Literacy Beginnings | Chapter 20 | Names

by Deborah J. Stewart, M.Ed. on July 25, 2011

in Literacy Beginnings Book Study, Name Recognition, Professional Development

The most powerful and effective way for children to begin learning the complex process of learning about letters is by writing their own names.” ~Carol Lyons

Retrieved from Literacy Beginnings on July 25, 2011

Today I am sharing the highlights from Chapter 20 Names: A Powerful resource for Literacy Learning by Pinnell and Fountas. This is one chapter from this amazing book blog party sponsored by Vanessa over at Pre-K Pages.

Pre-K PagesNames

According to Pinnell and Fountas, “Once children learn that their names are words and that they are made with the same letters in the same order each time, they begin to understand the concept of a word” (Ch. 20, p 194).

Children not only learn to recognize their own names but it isn’t too long before children begin to recognize the names of their friends.  Recognizing names often begins with finding the letters in their first name but once a child begins to recognize his or her name in its entirety, the child is then able to start using his or her name as a “resource” for extended learning of letters and words. For example, a child can find letters that are alike in their name or count the number of letters in their name or begin to recognize the letters of their name in other words.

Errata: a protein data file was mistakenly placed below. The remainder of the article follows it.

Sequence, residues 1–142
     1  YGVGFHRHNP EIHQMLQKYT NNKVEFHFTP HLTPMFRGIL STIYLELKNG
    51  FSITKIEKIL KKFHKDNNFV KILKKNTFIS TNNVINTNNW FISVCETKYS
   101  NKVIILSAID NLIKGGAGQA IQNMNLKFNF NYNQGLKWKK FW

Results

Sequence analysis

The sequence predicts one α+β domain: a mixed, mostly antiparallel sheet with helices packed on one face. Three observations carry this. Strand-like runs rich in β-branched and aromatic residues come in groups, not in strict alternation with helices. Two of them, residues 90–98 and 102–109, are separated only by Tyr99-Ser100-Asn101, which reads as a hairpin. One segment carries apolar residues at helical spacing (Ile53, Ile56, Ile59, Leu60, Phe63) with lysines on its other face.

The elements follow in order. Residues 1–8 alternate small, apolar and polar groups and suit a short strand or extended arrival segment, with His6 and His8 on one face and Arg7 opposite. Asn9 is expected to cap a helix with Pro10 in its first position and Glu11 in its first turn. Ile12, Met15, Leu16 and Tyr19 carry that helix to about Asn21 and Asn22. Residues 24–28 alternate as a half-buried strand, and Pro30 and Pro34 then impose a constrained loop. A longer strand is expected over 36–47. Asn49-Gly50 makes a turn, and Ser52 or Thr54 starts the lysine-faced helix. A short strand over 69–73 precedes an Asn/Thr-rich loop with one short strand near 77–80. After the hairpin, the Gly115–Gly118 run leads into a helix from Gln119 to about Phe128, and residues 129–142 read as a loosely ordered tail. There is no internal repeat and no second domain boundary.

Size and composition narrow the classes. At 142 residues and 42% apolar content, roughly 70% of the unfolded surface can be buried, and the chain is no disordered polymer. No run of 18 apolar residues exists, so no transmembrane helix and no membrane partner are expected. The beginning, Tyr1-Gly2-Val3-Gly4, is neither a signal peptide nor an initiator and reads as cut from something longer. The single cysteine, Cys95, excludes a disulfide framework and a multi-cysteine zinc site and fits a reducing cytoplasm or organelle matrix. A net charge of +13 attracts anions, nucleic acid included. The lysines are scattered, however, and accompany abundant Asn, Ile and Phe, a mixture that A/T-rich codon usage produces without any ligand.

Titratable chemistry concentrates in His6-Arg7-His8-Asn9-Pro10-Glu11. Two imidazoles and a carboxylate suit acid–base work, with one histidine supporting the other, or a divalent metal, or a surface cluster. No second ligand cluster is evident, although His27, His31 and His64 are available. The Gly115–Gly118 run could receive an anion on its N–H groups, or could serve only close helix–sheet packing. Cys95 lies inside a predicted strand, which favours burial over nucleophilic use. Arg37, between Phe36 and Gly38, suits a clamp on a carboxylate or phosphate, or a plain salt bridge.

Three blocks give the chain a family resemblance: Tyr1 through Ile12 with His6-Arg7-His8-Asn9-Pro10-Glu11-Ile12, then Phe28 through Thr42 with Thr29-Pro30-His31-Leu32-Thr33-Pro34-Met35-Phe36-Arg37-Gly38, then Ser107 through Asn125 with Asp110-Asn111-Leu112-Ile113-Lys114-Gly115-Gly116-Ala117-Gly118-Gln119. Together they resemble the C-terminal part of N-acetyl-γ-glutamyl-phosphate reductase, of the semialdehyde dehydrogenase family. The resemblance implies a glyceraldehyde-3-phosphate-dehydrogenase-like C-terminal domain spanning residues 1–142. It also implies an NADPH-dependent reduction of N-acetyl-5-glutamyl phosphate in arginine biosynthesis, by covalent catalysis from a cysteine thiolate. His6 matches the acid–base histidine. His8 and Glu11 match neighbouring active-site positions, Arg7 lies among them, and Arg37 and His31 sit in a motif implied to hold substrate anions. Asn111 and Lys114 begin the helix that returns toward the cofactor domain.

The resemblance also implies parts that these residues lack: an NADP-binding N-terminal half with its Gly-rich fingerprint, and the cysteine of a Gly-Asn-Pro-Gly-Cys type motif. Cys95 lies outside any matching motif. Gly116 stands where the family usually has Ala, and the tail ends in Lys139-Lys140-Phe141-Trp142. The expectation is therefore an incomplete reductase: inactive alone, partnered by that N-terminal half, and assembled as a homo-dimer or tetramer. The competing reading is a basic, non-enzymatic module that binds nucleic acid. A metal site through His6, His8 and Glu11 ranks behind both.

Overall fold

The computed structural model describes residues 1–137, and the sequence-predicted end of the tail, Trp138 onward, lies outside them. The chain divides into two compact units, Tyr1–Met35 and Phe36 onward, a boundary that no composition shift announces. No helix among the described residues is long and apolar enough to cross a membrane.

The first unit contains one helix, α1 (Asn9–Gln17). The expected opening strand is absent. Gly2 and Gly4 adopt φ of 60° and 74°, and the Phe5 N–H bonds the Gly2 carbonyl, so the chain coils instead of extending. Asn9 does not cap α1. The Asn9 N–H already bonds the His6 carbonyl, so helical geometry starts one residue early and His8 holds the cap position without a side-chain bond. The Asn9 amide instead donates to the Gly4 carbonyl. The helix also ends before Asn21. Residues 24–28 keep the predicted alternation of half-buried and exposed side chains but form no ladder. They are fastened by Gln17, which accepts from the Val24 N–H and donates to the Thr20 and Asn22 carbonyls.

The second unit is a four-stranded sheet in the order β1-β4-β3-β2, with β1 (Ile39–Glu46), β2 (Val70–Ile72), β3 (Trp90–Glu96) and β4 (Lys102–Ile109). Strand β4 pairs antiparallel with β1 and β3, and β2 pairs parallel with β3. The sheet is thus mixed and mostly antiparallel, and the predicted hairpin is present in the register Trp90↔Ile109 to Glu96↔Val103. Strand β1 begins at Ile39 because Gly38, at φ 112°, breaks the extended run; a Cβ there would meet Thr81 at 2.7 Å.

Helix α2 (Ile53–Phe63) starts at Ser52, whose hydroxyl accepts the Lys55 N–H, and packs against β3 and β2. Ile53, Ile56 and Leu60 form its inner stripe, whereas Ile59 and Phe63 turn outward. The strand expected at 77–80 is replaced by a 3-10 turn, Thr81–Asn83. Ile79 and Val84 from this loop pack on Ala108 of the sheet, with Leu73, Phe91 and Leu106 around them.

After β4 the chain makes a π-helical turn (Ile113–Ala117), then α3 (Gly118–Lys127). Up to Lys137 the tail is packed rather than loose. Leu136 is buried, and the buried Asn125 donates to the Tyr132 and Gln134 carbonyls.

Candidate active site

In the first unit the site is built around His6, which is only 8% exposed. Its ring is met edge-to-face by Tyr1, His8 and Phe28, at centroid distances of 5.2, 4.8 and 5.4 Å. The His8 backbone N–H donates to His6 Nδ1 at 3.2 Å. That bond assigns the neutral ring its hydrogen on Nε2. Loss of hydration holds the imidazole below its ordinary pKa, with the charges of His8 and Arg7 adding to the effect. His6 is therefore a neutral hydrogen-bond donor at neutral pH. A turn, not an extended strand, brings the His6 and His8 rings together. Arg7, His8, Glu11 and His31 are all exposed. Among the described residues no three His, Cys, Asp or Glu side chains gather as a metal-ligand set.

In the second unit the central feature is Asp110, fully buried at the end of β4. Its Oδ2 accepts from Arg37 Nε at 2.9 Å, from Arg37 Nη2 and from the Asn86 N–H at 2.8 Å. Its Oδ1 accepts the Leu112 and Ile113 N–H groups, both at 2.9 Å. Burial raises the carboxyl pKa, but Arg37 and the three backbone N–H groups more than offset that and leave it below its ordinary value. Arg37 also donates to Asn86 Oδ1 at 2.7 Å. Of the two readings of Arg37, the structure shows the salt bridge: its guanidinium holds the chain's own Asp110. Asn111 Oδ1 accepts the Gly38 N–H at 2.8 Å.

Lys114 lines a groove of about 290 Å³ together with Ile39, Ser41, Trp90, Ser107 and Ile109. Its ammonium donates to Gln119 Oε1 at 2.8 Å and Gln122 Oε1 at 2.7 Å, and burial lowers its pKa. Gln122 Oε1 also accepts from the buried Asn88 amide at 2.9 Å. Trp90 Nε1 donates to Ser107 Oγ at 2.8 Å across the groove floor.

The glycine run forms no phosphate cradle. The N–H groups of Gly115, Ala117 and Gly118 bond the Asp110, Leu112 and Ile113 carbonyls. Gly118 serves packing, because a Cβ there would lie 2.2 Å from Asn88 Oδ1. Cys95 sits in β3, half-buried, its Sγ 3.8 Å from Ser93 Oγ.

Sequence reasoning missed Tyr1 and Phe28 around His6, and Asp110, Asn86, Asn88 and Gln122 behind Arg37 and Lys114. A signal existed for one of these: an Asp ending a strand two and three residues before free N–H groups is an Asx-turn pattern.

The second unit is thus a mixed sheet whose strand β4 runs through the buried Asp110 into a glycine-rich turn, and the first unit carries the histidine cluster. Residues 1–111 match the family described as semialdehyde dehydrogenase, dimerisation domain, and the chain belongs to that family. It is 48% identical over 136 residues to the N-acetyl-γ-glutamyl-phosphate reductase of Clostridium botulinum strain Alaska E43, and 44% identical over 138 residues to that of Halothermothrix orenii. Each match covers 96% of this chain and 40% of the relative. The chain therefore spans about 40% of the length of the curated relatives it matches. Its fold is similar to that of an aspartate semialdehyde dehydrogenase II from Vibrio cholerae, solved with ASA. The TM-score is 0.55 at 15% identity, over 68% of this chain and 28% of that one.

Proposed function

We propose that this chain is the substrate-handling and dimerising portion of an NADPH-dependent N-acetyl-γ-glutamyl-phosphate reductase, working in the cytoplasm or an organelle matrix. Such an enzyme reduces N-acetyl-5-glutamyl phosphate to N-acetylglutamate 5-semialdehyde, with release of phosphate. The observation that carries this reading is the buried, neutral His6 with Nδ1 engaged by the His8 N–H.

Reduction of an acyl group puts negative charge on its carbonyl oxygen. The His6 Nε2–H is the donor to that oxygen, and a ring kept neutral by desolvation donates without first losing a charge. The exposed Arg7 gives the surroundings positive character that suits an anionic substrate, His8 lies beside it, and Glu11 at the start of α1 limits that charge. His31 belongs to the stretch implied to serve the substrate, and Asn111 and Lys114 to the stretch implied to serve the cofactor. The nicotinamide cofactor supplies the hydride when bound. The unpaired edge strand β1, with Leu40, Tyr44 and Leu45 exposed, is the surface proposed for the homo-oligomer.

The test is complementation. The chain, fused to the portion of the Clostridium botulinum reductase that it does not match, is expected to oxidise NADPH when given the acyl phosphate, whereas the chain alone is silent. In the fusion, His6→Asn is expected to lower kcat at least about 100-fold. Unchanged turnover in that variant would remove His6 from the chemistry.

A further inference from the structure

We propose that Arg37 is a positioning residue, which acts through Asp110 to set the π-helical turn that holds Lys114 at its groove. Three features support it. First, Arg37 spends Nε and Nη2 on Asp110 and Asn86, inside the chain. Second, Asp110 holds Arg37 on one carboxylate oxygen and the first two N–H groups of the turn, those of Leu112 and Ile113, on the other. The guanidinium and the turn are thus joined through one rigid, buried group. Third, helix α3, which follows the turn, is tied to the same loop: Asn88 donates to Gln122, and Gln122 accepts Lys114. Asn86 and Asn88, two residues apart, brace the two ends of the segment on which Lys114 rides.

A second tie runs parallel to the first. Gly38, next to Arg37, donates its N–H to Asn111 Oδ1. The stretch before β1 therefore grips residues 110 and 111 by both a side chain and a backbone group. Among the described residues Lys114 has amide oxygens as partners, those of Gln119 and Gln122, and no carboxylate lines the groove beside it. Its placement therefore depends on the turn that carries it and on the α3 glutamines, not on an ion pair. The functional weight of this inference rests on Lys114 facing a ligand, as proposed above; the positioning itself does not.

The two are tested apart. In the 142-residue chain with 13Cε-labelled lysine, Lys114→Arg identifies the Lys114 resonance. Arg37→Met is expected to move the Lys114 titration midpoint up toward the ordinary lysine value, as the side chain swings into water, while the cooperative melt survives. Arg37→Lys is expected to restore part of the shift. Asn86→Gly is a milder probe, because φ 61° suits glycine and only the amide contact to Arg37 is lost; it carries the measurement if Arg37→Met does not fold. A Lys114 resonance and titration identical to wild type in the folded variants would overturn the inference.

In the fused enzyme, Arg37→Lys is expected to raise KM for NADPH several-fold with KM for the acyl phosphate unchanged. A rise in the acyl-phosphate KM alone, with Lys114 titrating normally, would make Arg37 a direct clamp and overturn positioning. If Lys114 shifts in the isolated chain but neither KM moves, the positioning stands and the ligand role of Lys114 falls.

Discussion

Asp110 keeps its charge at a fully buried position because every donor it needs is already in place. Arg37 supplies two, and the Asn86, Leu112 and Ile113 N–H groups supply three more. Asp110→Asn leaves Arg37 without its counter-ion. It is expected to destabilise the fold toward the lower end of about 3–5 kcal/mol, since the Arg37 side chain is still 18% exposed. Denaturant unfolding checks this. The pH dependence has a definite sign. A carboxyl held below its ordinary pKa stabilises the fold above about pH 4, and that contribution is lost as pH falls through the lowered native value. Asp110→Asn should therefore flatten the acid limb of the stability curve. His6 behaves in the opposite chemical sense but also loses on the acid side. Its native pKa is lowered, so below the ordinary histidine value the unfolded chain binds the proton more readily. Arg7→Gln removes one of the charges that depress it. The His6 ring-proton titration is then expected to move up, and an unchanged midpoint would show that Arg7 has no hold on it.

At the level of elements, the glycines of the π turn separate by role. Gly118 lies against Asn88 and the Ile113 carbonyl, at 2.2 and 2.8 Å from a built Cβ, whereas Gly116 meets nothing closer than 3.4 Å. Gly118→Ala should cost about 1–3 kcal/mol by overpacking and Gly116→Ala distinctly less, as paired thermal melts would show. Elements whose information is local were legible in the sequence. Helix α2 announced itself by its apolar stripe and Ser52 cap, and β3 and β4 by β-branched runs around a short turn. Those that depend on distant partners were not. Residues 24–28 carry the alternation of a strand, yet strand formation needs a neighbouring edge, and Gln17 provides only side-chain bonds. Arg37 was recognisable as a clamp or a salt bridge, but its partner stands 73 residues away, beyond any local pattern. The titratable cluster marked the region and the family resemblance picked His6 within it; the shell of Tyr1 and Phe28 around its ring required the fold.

Pinnell and Fountas recommend several ways for children to explore and recognize their names. Ideas include charts and graphs with children’s names displayed…

Poems and sentences where children’s names are displayed are other ways to foster name recognition as well as games made from children’s names like name puzzles

Some important tips to keep in mind are…

  • Start with children’s first names.
  • Use upper case for the first letter and lower case for the remaining letters (Lopez) unless the name requires a different approach (McDonald).
  • Keep a simple name chart out and visible for the children to refer to as a model for writing and recognizing their own name.
  • Direct the children to look for their name on the chart and refer to the chart when wanting to print their names.
  • Integrate name recognition through a variety of activities.
Next up in our book study is Karen over at PreKinders! Be sure to hop on over there tomorrow to learn more with us!!
You can view the linky below to see all the wonderful articles written about each chapter of this book as well.



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